Bob and Averil scaled with difficulty what for them was a steep climb. And they probably never knew I was watching them, sometimes praying them onward to a welcoming front door. I’m sure they were studying the ground for the sake of a safe arrival. But I was studying them, for the sake of my own marriage, which has not yet fully arrived. And one day yet future, I hope someone younger will notice the masterpiece before them, when Carol and I cannot walk forward unless we are walking together, leaning in upon one another. Thank-you Bob. And thank-you Averil.
Saturday we celebrated the wedding of Julie and Daniel, the fourth and final wedding of the year in our church community. In this lovely picture (credit: Matthew Hurley), we are dancing a Virginia Reel. Isn’t Julie beautiful? She is wearing the same dress her mom, aunt and grandma wore with a gorgeous pair of cowboy boots underneath. Directly behind her is Isaiah (white shirt) for whom many of you prayed to wake up from a coma. There he is, dancing! I’m leaning forward, ready to twirl around.
It was a wonderful wedding. I woke this morning through a floodtide of memories…moments worth recording:
~ The groomsmen’s toasts were simply amazing. My friend leaned over and whispered, “If these are the kind of guys Daniel is friends with, it speaks very highly of him.” The masterpiece was the song written by one of the best men, Daniel Went Down to Wallowa, modeled on The Devil Went Down to Georgia.
~ Collaborating with a college freshman on the composition of a violin descant for St. Patrick’s Breastplate, the bridal processional, was a hoot! We had more fun isolating a musical phrase and pulling a blues riff from it when we should have been focusing on the descant. Julie entered during the centerpiece of the song: Christ be with me. My first exposure to NoteWorthy Composer software has me drooling.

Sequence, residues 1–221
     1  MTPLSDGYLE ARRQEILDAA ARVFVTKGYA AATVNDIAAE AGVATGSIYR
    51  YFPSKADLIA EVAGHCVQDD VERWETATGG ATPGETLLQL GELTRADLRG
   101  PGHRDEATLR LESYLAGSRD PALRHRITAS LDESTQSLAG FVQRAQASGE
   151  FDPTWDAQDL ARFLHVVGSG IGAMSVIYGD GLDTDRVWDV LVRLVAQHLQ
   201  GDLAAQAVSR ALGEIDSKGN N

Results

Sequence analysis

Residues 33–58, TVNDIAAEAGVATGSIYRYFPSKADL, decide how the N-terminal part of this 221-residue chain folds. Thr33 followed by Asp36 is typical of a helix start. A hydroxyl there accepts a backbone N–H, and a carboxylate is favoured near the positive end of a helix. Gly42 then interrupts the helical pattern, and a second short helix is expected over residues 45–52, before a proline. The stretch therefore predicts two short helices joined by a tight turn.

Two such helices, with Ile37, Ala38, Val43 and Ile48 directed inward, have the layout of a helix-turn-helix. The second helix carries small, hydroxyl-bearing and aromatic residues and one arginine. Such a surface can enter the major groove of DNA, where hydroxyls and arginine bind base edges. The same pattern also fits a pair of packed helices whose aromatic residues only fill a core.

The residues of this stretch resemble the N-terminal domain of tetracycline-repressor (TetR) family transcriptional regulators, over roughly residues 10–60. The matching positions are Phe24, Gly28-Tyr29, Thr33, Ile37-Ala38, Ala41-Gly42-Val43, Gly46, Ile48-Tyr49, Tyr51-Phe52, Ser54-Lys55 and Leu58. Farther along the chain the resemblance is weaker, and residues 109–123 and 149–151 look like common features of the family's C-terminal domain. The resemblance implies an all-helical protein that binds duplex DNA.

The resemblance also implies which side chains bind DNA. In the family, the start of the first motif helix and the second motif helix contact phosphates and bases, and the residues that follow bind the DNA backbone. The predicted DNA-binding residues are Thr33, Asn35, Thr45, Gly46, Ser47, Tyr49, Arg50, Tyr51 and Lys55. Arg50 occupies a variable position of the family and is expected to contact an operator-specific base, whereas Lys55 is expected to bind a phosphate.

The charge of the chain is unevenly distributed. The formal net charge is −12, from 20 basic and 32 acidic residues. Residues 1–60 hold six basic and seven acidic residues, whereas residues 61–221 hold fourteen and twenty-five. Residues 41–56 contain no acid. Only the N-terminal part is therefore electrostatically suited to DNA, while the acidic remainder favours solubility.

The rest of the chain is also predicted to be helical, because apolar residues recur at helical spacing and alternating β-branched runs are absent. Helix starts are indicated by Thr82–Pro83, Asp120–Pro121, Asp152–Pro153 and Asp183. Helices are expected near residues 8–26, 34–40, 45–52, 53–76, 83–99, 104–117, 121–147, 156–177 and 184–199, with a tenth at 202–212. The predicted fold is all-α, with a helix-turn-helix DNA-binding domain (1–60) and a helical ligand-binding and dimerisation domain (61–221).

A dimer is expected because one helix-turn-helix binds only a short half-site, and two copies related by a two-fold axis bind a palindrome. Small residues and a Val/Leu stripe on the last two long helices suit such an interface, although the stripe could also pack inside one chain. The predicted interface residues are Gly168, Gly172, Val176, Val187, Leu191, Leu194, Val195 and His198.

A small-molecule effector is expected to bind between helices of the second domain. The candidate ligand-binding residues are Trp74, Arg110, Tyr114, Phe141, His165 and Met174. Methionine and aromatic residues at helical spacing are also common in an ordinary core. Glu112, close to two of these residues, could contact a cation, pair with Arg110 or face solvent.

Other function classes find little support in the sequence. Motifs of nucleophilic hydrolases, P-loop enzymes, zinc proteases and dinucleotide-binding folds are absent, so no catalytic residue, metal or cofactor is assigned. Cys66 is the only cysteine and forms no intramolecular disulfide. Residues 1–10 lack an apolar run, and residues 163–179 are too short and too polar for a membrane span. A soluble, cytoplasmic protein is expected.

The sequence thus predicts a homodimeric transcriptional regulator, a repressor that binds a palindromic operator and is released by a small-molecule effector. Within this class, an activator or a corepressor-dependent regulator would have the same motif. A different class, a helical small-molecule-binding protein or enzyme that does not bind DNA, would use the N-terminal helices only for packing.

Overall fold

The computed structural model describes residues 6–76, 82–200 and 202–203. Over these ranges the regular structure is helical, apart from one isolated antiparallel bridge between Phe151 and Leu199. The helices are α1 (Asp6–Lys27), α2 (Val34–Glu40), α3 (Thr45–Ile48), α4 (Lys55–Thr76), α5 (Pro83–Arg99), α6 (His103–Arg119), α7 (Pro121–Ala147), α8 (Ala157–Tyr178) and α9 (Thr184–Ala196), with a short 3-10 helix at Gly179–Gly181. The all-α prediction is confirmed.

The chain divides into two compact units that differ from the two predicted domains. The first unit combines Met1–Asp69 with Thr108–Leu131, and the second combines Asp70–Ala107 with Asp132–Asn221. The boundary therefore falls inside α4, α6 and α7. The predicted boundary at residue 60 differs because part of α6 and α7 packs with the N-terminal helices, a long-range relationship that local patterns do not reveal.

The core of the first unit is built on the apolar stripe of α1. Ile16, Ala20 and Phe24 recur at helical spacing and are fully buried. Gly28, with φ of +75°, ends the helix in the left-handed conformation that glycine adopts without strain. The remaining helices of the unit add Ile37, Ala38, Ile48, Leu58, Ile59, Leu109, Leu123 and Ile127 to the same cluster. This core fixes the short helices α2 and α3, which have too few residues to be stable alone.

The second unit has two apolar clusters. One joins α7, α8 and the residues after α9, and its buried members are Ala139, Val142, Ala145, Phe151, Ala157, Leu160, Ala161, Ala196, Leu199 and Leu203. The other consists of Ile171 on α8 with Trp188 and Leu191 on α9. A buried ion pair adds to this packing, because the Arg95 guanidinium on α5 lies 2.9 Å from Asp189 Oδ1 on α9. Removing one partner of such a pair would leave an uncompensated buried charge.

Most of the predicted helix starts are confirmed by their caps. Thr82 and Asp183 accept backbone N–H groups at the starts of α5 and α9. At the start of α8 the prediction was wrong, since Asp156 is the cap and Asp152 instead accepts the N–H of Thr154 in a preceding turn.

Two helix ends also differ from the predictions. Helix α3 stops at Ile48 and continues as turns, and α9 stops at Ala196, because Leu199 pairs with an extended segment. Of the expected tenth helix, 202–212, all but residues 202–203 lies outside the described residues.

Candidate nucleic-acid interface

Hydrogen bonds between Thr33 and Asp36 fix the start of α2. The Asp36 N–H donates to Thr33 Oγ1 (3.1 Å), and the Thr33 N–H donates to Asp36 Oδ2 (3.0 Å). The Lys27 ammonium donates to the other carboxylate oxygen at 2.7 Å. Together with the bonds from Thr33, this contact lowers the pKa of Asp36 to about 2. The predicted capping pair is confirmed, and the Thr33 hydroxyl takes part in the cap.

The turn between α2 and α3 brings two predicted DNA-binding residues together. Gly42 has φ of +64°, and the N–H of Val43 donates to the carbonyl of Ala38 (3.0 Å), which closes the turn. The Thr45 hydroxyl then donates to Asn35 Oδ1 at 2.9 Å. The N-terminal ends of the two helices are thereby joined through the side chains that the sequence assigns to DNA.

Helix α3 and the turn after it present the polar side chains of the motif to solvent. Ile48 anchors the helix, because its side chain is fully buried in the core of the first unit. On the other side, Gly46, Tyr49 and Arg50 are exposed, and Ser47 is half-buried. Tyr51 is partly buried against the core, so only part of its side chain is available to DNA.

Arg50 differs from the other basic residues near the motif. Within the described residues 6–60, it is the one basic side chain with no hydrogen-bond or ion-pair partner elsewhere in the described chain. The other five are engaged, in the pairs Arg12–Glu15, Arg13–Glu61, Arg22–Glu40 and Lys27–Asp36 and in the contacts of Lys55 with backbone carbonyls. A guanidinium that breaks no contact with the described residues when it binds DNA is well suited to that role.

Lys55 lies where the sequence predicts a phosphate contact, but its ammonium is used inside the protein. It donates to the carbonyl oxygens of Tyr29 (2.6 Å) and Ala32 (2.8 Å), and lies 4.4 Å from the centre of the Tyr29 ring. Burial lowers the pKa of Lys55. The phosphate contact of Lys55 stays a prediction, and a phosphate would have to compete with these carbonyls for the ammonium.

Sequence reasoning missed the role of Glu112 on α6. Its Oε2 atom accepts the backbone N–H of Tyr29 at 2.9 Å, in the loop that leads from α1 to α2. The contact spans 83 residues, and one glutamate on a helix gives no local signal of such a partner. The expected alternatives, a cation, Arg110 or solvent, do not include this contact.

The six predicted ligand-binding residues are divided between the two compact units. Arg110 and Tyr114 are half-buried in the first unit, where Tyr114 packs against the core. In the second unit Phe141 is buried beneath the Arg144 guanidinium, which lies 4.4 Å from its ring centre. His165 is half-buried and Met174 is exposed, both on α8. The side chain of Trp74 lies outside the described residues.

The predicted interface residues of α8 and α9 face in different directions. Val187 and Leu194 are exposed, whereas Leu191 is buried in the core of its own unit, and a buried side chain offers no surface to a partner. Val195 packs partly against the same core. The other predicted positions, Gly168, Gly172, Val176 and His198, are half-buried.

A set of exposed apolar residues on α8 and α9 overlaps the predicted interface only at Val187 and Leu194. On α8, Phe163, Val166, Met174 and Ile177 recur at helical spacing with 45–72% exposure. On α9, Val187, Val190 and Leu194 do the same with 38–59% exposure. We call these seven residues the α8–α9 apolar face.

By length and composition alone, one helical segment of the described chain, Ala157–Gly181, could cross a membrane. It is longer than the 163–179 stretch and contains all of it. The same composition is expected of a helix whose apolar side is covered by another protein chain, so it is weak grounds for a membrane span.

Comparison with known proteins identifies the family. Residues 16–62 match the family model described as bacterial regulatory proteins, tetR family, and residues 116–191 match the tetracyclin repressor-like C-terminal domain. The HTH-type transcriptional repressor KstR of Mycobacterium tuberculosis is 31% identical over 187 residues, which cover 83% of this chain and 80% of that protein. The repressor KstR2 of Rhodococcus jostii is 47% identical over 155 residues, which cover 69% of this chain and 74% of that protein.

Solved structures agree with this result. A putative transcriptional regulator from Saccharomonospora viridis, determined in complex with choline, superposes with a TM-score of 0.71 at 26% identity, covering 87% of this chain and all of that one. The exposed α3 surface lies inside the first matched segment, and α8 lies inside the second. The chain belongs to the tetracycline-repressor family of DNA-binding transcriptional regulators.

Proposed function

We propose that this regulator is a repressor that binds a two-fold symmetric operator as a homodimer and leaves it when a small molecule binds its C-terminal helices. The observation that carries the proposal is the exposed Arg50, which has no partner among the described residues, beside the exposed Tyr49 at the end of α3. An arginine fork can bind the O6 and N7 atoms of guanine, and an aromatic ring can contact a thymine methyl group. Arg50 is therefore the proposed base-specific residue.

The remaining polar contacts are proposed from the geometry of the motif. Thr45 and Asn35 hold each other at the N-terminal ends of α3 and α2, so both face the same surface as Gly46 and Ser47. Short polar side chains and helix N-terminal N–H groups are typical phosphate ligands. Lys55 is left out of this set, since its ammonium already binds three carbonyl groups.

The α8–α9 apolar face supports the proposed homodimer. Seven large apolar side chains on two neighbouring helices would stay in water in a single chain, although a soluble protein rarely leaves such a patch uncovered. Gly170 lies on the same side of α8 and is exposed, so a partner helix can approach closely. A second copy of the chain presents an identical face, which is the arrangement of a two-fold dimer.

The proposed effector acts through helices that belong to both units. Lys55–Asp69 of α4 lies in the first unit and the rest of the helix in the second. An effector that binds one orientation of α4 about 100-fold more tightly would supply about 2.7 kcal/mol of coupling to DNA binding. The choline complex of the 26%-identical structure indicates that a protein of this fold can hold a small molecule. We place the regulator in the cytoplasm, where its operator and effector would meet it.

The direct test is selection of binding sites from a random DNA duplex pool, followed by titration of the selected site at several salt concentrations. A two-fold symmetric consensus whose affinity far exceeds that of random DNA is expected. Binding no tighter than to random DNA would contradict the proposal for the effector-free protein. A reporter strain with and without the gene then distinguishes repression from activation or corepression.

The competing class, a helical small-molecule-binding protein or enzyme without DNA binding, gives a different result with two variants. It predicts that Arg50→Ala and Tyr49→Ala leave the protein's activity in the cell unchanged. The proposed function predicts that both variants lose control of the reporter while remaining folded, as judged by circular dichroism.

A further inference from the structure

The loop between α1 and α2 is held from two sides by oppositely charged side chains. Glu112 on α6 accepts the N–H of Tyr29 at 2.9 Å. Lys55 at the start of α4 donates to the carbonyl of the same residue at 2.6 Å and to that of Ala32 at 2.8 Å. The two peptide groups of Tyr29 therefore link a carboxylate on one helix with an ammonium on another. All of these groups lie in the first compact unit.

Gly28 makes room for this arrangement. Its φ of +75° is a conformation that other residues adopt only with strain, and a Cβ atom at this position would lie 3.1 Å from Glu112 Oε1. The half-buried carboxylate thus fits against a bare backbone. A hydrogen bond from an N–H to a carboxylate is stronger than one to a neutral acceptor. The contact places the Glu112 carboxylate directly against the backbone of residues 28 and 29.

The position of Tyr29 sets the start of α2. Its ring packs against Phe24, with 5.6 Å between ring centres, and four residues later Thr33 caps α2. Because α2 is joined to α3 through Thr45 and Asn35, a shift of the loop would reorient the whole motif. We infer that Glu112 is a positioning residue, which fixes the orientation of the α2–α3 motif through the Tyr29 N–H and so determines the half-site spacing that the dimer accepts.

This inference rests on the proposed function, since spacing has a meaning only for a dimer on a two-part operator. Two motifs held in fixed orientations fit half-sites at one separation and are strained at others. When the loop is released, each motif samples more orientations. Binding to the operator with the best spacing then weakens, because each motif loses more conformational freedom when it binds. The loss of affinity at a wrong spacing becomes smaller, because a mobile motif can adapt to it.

~ I looked across the table and said, “Krista, You. are. beautiful.” Her mother, holding with a squirming grandson agreed, “She really is.” Krista smiled and explained, “My husband’s love makes me beautiful.” And. It was so sweet and genuine, not a Sunday School answer, if you know what I mean.
~ The. Kiss.
~ Our Bonnie (mother of the bride, a friend who belongs to us all) displayed extraordinary beauty and serenity. Hosting a wedding reception in her back pasture was no worry. She glowed with the light of grace. It has been five years since she fought Stage 3 cancer. We are so thankful for God’s kindness displayed in her life.
~ The entrance of the cake, held high and carried around all the tables and delivered to the head table by a Best Man (there were two), while a jig was played on the violin.
~ When I heard the men were wearing Wranglers I was a skeptic. However. They looked exceedingly handsome in their Chocolate Black Wranglers with cowboy boots, formal vests and, after the ceremony, cowboy hats.
~ It has been a glorious summer. Glory can be fatiguing but it is a Good Tired. A Happy Tired. Looking back with a young friend, we smiled and sighed and took a deep, cleansing breath. “Well,” she said, “I guess it’s time to start a new season of love!”
~ Walter Trobisch in I Married You
Curt’s words to Carson and Taryn:
A Father’s Blessing
May God bless you with faith,
for without faith it is impossible to please God.
May God bless you with repentance,
because every faithful man and every faithful woman remains a sinner.
May God bless you with courage,
to reject the foolishness of the world and to keep the law of God in all of life.
In the name of the Father and of the Son and of the Holy Spirit.